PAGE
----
Union-busting

In June 2020, 3,000 Bangladeshi garment workers were dismissed as part of a union-busting exercise from three factories owned by the same company: Saybolt Tex, Tanaz Fashion and Windy Wet & Dry Process factories in Gazipur and Dhaka, Bangladesh. The three unionised factories are owned by the Windy Group (which owns an additional five non-unionised factories). 1,600 workers were fired from SAYBOLT TEX, 1,200 from Tanaz Fashion and 200 from Windy Wet & Dry Process. The dismissed workers have been staging hunger strikes and other protests at Windy Group factory premises to call for reinstatement.

Right to civil liberties

Right to civil liberties

In Canada, during the protracted conflict between the Co-op Refinery Complex and Unifor Local 594 regarding the negotiation of the collective agreement, union members began holding rallies and picketing while the company locked them out.

On 16 December 2019, the employer sought a court injunction against Unifor to impose interim restrictions on Unifor’s ability to picket, including restrictions on the amount of time picketers could detain vehicles from entering the premises. Over the next month, there were accusations of union members violating this order, and on 21 January 2021, Unifor president Jerry Dias and thirteen other union members were arrested.

In the early morning of 5 February 2020, union members were arrested and charged for picketing outside of the Co-op refinery’s petroleum distribution department in Regina, Saskatchewan. Those arrested included Ryan James David Briggs, James Peter Robert Cheeseman, Scott McKinnon, and Steven Angus Vargo. All four trade unionists were charged with mischief under Can$5,000 (US$ 4,002) and disobeying a court order. Their scheduled court date was 23 March 2020.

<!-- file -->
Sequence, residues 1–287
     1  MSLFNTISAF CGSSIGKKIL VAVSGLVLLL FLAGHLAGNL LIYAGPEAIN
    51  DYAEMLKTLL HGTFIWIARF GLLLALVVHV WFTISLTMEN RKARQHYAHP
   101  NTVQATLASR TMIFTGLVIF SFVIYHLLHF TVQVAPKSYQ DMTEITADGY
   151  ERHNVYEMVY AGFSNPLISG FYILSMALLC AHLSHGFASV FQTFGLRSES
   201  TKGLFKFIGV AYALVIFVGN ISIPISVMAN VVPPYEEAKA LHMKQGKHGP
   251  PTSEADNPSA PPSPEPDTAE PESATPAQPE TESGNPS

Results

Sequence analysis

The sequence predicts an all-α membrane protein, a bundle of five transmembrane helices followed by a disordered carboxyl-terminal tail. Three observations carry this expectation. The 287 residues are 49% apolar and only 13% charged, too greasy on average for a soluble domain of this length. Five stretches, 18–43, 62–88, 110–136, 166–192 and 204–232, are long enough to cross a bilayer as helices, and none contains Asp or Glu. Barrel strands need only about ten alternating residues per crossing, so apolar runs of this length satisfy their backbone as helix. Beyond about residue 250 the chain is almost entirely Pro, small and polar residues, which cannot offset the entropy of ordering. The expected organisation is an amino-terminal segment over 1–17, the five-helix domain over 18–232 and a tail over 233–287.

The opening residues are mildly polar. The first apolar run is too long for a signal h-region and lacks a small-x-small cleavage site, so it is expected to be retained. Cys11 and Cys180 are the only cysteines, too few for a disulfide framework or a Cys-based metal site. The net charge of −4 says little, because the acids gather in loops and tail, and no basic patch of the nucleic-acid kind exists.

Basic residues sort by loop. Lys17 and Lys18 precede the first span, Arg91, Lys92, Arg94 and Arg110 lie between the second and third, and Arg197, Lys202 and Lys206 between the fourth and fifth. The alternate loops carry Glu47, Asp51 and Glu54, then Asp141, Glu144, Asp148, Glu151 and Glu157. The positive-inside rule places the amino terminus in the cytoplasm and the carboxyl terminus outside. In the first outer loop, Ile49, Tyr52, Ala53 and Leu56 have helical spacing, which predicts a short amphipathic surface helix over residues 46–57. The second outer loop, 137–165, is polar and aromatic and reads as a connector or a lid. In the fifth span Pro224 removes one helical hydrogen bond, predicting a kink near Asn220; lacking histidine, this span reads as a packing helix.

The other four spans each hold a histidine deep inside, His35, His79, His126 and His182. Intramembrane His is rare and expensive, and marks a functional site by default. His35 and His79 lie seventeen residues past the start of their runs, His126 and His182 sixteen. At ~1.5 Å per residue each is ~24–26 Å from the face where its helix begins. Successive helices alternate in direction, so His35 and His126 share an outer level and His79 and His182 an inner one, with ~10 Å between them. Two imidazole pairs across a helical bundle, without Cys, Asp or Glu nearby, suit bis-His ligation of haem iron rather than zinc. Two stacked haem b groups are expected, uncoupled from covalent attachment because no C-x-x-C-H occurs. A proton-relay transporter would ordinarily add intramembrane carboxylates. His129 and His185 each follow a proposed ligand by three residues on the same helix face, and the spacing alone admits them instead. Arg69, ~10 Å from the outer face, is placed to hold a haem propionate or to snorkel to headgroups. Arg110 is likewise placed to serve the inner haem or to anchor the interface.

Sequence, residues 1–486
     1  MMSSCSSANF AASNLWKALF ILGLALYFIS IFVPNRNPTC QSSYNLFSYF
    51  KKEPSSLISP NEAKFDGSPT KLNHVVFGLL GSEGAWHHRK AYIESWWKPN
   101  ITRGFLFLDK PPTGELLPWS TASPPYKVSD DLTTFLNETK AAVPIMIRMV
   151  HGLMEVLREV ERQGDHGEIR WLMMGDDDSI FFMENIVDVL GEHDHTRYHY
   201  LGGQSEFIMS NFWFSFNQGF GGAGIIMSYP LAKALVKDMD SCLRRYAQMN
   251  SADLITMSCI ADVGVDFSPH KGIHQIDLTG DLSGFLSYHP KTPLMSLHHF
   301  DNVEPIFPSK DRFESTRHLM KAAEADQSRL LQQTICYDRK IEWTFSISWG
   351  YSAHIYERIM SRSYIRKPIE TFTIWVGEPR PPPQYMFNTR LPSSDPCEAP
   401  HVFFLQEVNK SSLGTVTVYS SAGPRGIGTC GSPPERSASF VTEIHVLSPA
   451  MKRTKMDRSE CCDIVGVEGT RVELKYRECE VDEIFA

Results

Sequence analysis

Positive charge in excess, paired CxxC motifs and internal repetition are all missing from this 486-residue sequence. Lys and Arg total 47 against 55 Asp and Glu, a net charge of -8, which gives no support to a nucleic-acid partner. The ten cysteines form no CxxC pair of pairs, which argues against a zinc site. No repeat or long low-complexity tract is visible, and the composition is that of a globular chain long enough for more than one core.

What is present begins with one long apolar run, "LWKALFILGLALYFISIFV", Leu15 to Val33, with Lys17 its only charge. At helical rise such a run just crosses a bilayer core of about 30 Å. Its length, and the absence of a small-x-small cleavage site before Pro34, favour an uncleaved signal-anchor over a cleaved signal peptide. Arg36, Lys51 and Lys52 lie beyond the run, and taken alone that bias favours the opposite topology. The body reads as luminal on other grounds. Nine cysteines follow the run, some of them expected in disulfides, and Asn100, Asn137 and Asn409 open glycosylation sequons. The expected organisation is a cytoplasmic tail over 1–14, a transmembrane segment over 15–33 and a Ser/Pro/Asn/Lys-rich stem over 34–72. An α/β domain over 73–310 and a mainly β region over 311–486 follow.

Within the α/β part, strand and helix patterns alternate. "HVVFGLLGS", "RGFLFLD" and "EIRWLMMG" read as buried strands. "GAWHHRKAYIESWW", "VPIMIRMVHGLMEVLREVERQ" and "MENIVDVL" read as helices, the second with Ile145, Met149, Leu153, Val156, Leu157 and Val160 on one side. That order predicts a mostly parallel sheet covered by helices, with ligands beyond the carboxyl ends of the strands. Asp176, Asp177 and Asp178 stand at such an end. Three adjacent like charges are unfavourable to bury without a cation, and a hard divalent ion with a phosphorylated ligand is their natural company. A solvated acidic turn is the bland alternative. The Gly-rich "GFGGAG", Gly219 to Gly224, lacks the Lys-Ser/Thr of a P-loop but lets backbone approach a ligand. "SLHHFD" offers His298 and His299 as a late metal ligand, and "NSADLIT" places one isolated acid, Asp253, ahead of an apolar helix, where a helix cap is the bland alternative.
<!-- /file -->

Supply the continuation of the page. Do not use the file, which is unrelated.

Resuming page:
On 12 February, Unifor was ordered to pay Can$250,000 (US$200,084) for “repeatedly violating the court injunction” between 28 December 2019 and 27 January 2020. The Unifor Local 594 president, Kevin Bittman, was found not guilty, while vice president Lance Holowachuk was found guilty and required to perform 40 hours of community service.

Violent attacks on workers

Violent attacks on workers

On 22 July 2020, several people were injured when police repressed a peaceful protest at the Port of Belize Limited (PBL) in Belize City. The demonstration was organised by unionised workers of the Christian Workers’ Union (CWU) to protest pay cuts and the dismissal of thirty-six employees. Mеmbеrѕ оf thе Gаng Ѕuррrеѕѕіоn Unіt intervened, using tеаr gаѕ аnd rubbеr bullеtѕ tо dіѕреrѕе thе сrоwd. Several people were injured, іnсludіng оnе whо wаѕ ѕhоt in thе hеаd with а rubbеr bullеt.

Violent attacks on workers

On 25 July 2020, the police in Dhaka, Bangladesh, violently attacked garment workers from Viyellatex and Shofi Tex who were protesting unpaid wages and allowances. Police used disproportionate force to suppress the protest, using batons, gunshots, tear gas and sound grenades against workers. As a result of the attack, twelve workers were severely injured.

Right to trade union activities

Right to trade union activities

In Canada, the province of Alberta introduced Bill 32, an omnibus bill which makes it more difficult to form unions: the bill eliminates timelines for certification votes and removes the option for the Labour Relations Board to automatically certify unions in the case of unfair labour practices by the employer. In addition, the bill also requires unions to receive each member’s consent to collect dues that are not related to core representational activities. The bill received royal assent on 29 July 2020.

In the province of Manitoba, the government tabled Bill 16 which, among other regressive changes, would give authorities more power to refuse to certify unions, to scrutinise unions’ use of funds and to dissolve them.

Right to free speech and assembly

Right to free speech and assembly

On 30 October 2020, workers from Truda Foods in South Africa gathered to protest the firing of their colleagues for activity on social media. Truda had suspended several workers for “liking” posts made by their union’s general secretary. Olwethu Samente, Vuyiswa Gontsana, Luyanda Qumza, Yolisa Alam, Zethu Sopete and Lungiswa Solundwana received letters suspending them for committing “an action/conduct detrimental to the interest of the employer” and “indecent/inappropriate conduct”. After being suspended, the workers asked to see Truda’s social media policy. Instead, they were fired.